A special issue on Field Analysis in Cultural Sociology has just been published in the journal Cultural Sociology. It’s been edited by Mike Savage and Elizabeth B. Silva. The issue covers a range of topics from art, to music, to fell running. So it should be of interest to anyone with a broad interest in culture.
I have an article in the special issue. It’s titled ‘Genre, Boundary Drawing and the Classificatory Imagination‘. In this piece I attempt to challenge the stable and simplified notions of genre that are often used in the analysis of cultural fields. Here I provide three issues that face social research in its use of genre categories. I’ve used some digital data and a piece of commercial analytical software to do this – using data from Twitter to see how the boundaries around a particular music genre are contested and redrawn. The piece also tries to develop the concept of the classificatory imagination. I’ve used this in passing in earlier pieces, but I develop it more thoroughly here. The argument being that the classificatory imagination is often missing from the sociology of the musical field, and as such we are missing the vibrancy of genre. Here is the abstract for my piece:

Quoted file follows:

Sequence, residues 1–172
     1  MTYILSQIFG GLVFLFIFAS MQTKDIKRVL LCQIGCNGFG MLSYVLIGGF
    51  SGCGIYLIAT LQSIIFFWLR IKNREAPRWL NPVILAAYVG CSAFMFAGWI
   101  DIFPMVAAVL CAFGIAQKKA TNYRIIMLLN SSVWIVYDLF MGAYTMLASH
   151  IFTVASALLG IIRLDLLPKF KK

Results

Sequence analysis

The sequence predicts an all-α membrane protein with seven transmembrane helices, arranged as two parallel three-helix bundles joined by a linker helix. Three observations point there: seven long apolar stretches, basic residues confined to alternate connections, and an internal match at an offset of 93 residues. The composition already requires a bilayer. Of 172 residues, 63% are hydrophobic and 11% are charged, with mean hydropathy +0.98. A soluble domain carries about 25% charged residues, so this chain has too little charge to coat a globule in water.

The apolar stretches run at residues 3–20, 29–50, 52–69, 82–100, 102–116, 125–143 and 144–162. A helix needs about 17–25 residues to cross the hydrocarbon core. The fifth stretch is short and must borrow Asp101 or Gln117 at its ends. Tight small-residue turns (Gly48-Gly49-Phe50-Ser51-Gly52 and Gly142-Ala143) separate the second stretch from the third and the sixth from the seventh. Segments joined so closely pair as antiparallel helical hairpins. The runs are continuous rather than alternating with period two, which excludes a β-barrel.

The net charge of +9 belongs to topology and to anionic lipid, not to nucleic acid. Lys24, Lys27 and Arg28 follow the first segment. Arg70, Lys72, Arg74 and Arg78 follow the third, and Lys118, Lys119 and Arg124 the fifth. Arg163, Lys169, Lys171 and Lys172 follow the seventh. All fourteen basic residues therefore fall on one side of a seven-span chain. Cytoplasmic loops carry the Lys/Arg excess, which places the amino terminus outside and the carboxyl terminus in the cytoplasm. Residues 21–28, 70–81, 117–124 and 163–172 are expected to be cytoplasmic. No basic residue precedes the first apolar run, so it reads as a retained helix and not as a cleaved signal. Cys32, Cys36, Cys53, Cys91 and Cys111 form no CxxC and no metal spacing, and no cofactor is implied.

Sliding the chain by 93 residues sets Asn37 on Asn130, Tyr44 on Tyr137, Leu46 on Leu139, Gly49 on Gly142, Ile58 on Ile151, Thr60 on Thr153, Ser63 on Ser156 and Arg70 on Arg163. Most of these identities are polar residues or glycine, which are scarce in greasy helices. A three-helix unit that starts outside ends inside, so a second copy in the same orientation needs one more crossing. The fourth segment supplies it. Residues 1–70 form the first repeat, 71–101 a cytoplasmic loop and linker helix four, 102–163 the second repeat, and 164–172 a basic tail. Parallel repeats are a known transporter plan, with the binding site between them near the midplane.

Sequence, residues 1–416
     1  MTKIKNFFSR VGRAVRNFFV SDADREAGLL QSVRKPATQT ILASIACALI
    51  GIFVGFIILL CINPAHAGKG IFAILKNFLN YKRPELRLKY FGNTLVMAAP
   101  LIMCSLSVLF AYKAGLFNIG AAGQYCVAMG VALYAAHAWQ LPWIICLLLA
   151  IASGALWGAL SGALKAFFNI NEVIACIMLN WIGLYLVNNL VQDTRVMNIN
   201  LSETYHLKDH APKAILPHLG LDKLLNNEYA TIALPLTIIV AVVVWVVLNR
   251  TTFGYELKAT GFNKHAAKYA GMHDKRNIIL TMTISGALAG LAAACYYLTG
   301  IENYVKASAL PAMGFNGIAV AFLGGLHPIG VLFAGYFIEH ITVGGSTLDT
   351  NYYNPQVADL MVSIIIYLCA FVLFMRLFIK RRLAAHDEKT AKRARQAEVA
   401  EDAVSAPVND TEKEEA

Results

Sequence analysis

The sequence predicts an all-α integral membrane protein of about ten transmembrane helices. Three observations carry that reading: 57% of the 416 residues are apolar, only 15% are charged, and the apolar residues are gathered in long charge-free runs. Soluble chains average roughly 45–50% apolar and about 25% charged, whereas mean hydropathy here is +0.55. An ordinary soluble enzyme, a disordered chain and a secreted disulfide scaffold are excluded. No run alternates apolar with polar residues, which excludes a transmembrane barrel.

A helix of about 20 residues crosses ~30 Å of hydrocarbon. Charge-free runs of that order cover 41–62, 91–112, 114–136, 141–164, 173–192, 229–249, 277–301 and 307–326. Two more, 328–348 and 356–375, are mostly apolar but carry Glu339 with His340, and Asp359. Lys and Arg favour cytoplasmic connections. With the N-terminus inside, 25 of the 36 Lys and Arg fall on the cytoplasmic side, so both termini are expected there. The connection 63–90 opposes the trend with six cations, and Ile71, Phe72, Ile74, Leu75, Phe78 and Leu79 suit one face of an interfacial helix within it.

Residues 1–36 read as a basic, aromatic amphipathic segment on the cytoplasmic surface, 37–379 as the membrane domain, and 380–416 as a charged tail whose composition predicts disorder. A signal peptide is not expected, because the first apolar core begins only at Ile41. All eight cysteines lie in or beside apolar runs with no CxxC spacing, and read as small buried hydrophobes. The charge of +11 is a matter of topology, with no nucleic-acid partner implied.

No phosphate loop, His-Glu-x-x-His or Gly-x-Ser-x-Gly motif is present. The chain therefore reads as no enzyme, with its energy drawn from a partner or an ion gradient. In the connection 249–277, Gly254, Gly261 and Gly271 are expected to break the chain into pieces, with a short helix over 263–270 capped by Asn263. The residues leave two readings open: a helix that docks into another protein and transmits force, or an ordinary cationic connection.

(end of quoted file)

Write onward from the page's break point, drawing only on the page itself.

This article suggests that the vitality of genre, and particularly music genre, is often missing from social and cultural research. This is despite its central presence as a structural force within increasingly popular forms of field analysis. To deal with this absence, the article draws upon conceptual material on everyday forms of classification and new forms of digital data. It is argued that the concept of a classificatory imagination might be used to develop a more contingent and transient vision of genre as a form of everyday cultural classification or as a structuring force in cultural fields. The article describes three problems facing cultural sociology in its use of genre categories. Two are briefly presented whilst the third is developed through a case study of hip hop. The article concludes with some reflections upon what this reveals about cultural boundary drawing and the impact of decentralized media upon genre formation.